Stocks you can count on
graphic February 1, 2002: 3:50 p.m. ET

The market has suddenly become obsessed with accounting. Here are five dependable stocks that you shouldnít have to worry about.
By Staff Writer Paul R. La Monica
graphic graphic
NEW YORK (CNN/Money) - Who can you trust? Investors these days seem to have little faith in any public company.

Concerns about another Enron-like debacle have roiled the markets despite a rash of positive economic news. Tyco, Williams Companies, and Electronic Data Systems have taken turns wearing the scarlet A (for accounting) label and it didn't help matters that another prominent firm, Global Crossing, has filed for bankruptcy.

But despite all this tumult, there are clearly stocks that investors can depend on, companies that have posted steady -- if not spectacular -- sales and profit gains over the past few years while also paying shareholders a dividend.

Look for stocks with solid earnings track records

To find such stocks, we ran a screen looking for companies that have posted dividend increases over the past three years, have operating profit margins that are higher now than their five year average, and boast five-year sales and earnings growth rates that exceed 10 percent.

In addition, we wanted companies that have actually posted an increase in earnings and a stock price gain during these difficult last twelve months and are also expected to continue generating profit growth of at least 10 percent annually over the next three to five years.

Thirty made it through our initial net. From there, we took a close look at the income statements and balance sheets to make sure they passed various "smell tests" (i.e. the accounting was easy to understand and there didn't seem to be anything problematic lurking)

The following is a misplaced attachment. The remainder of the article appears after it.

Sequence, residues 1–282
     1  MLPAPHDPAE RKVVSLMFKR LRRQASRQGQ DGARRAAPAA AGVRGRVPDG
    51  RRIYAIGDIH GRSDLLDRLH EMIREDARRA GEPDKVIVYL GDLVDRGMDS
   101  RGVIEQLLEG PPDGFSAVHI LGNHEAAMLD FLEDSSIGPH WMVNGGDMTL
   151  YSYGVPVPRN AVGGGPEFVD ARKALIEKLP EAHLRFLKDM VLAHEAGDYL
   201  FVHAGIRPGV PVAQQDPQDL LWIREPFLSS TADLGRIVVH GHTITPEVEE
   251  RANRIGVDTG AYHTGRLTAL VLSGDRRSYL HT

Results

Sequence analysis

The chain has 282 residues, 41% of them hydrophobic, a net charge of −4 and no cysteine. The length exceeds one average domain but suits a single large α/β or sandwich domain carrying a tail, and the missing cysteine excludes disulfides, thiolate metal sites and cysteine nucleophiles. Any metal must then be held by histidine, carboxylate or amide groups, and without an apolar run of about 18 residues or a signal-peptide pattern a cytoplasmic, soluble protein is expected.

The first cut

This "smell test" got rid of a few companies right away. Harley-Davidson, for example, has had a rise in bad debts recently (that could wind up being a drag on earnings in the future if the company has to write these debts off). And uniform-rental company Cintas has had a big increase in inventories.

We also knocked off several homebuilders, which though seemingly cheap, also have mortgage finance divisions that can have big impacts on earnings. Earnings can be whipsawed by the effects of sales of their mortgage loans.

And we didn't want to mess around with big writedowns. That eliminated cleaning-products manufacturer Ecolab, which recently announced it would take a $50 to $60 million restructuring charge. We also wanted to avoid companies that had many moving parts, making them more difficult to understand. That's why we eliminated Jefferson-Pilot, an insurer that also owns and operates radio and television stations.

Finally, we looked at valuation. Home Depot and Lowe's are two fantastic retailers but the market already seems to know that. With P/Es of more than 30 (based on estimates for this fiscal year), we figured we could find better value elsewhere. Ditto for Commerce Bancorp, a Philadelphia based bank. It's got great numbers but it trades at 23 times 2002 earnings estimates, a huge premium to most banks.